At the Mills and Reeve Sports Law Conference last year, Maheta Molango, CEO of the Player’s Football Association emphasised that “we cannot assume consent” when it comes to the exploitation of players’ performance data. With data now being used for multiple purposes, Molango stressed that authorisation cannot be implied “for [data] use that will probably go far beyond what was the initial idea when that player actually signed the contract”. From a legal perspective, there are alternatives to consent, and it can be easier to establish (and keep) those alternative legal bases. But there is no alternative to informing the player about what’s happening to their personal data. They’re entitled to that under UK GDPR, and it’s important to keep updating the ‘story’ for them, as it evolves.
As athletes become more informed about the personal risks of their data being collected, it is arguably a no-brainer that players should have a significant input into how their data is being used.
The unveiling of the FIFPRO Charter of Player Data Rights in September 2022 marked a significant development in the protection of football players’ personal data. The Charter does not aim to establish new law or conflict with existing data protection law (either in the UK, EU or other countries or, states that have data protection laws). Instead, it’s aiming to achieve more widespread understanding (amongst players and organisations they work with) about how data protection law applies to football, and to establish some basic standards of good and fair practice in relation to player data. It was launched as the first step of FIFPRO’s collaboration with FIFA to develop global industry standards for the protection, collection, and use of football player data. It is envisioned that the Charter will promote collectively agreed solutions between player unions and football stakeholders and empower these football players to understand how their data is being used, and to make more effective use of their applicable data protection and related rights.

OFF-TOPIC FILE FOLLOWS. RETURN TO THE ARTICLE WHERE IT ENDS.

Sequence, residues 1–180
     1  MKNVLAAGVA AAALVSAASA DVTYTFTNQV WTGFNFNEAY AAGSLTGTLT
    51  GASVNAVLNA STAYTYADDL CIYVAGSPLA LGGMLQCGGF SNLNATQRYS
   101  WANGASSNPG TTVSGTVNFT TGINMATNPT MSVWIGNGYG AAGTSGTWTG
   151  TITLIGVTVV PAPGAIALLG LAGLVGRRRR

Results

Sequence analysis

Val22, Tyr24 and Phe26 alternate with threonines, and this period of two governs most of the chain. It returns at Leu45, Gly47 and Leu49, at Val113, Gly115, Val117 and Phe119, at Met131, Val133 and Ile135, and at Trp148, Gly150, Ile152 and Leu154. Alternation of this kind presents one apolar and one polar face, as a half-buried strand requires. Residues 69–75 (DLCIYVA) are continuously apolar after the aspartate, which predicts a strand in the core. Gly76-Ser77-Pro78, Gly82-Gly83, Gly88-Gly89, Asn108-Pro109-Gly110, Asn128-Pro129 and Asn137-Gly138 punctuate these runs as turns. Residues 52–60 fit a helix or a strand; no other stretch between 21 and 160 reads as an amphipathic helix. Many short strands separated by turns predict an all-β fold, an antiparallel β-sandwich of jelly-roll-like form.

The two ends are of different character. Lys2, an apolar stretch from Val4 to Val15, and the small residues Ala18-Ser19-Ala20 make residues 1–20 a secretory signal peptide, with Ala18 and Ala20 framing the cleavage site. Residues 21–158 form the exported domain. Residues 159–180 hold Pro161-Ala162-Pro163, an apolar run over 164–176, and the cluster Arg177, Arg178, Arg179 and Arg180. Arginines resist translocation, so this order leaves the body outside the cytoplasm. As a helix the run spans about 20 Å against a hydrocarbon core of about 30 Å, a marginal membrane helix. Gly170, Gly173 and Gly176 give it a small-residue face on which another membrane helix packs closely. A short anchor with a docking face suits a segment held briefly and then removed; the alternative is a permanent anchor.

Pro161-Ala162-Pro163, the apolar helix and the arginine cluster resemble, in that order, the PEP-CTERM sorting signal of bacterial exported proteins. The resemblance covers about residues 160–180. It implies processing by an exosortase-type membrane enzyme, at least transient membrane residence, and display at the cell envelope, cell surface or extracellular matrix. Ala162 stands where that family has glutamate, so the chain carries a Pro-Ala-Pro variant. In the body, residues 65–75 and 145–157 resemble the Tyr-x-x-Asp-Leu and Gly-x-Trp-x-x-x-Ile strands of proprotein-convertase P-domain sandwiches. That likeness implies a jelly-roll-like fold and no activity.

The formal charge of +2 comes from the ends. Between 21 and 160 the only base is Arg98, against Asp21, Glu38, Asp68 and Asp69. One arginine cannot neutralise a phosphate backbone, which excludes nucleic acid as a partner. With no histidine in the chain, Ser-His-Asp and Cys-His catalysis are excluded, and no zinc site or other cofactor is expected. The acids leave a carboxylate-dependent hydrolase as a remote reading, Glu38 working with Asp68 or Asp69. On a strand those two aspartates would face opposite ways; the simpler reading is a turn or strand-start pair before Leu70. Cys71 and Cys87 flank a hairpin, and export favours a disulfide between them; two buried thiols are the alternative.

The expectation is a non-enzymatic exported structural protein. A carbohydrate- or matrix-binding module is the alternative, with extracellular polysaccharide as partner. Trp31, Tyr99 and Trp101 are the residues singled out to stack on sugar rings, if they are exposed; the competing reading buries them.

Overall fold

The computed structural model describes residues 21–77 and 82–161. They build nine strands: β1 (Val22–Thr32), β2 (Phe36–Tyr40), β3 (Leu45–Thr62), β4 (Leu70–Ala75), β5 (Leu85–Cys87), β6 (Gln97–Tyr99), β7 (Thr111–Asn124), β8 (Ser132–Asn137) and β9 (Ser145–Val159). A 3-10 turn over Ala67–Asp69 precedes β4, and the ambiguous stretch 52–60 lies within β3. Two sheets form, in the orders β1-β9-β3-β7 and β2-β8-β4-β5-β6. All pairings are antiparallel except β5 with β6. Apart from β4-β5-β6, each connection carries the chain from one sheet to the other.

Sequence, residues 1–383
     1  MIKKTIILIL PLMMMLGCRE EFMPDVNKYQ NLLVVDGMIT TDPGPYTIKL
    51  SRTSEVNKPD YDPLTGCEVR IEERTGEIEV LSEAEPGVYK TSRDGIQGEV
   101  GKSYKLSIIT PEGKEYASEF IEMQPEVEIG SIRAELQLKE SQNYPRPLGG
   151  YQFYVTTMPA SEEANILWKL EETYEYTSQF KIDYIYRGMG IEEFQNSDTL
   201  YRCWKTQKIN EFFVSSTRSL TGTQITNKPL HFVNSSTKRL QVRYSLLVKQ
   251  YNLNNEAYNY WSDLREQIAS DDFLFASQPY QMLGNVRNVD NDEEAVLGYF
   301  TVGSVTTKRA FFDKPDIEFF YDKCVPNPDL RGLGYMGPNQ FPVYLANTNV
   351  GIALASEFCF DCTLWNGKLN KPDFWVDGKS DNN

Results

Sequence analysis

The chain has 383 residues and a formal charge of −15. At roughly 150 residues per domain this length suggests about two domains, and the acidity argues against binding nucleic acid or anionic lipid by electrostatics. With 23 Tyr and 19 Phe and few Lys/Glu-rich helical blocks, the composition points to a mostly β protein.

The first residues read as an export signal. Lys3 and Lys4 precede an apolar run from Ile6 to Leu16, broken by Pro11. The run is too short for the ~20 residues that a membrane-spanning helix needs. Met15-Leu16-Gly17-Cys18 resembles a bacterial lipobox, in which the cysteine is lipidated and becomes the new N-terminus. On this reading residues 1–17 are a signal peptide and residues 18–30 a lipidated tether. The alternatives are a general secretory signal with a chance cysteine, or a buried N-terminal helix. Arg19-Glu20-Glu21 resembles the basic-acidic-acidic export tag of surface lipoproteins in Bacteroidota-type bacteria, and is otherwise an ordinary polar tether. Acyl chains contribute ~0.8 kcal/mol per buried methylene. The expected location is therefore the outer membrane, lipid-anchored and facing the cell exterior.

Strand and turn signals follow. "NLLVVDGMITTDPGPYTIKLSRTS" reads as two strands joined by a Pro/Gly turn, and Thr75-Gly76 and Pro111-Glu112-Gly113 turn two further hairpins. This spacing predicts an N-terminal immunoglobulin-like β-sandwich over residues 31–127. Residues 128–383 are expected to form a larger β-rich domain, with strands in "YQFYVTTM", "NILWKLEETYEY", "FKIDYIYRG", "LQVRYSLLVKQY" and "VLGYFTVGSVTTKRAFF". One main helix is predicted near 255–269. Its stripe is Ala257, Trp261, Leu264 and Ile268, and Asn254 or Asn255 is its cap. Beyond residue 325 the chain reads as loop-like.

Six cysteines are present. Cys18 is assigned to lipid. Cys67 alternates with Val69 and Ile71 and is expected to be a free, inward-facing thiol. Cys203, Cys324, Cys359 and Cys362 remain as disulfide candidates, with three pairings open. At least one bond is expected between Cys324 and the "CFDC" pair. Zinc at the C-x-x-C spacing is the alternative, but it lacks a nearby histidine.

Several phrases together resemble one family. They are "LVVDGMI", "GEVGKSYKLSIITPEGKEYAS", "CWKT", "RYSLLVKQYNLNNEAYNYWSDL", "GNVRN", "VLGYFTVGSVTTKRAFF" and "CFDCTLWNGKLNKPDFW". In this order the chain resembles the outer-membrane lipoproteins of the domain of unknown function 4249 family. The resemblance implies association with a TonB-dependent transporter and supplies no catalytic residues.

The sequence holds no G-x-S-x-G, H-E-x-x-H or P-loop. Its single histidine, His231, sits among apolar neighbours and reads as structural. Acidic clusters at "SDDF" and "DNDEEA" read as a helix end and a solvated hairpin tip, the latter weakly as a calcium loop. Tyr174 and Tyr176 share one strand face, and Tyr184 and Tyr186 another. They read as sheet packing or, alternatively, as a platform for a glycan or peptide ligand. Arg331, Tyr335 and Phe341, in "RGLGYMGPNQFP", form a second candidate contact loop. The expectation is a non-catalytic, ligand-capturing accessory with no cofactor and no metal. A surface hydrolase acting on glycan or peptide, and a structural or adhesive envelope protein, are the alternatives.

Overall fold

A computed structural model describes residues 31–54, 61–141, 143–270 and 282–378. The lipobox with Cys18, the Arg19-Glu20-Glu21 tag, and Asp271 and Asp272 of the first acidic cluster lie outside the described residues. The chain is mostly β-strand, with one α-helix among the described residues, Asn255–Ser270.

The Charter sets out standards for the collection, protection and use of player data, namely that all professional footballers should have the rights to be informed about what their data is used for, to access their data, to revoke consent, to data portability (i.e., to move data), to restrict processing, to rectify inaccurate data, to erasure and to complain.
In July 2023, FIFPRO announced their plan to build on the Charter through the development of a centralised player data management platform. Although no launch date has been stated, the intention is for a large-scale platform to be developed to provide players the opportunity to, amongst other things, access their data across their entire playing career and manage and control the application and/or use of their personal data.
FIFPRO anticipate that the standards set by the Charter (together with the centralised data management platform when launched) will enable players to better navigate the world of data, understand and enforce their rights and, will act as a vital reference point for this growing area of the sport on both a domestic and international level.
In a constantly evolving landscape, data is becoming increasingly valuable to all stakeholders in fields such as performance monitoring, contract negotiations, in-game technology and fan engagement. It is unsurprising that tensions have developed between some of football’s stakeholders.
Project Red Card
The question, “who owns and/or has the right to use player performance data?” becomes difficult to answer (and breeds misunderstandings and disputes) if players or stakeholders are not kept fully informed about their data. The claimants in Project Red Card (an ever-growing group of current and former professional footballers and more recently, rugby players and the Professional Cricketers’ Association) have sought to resolve this question before the courts.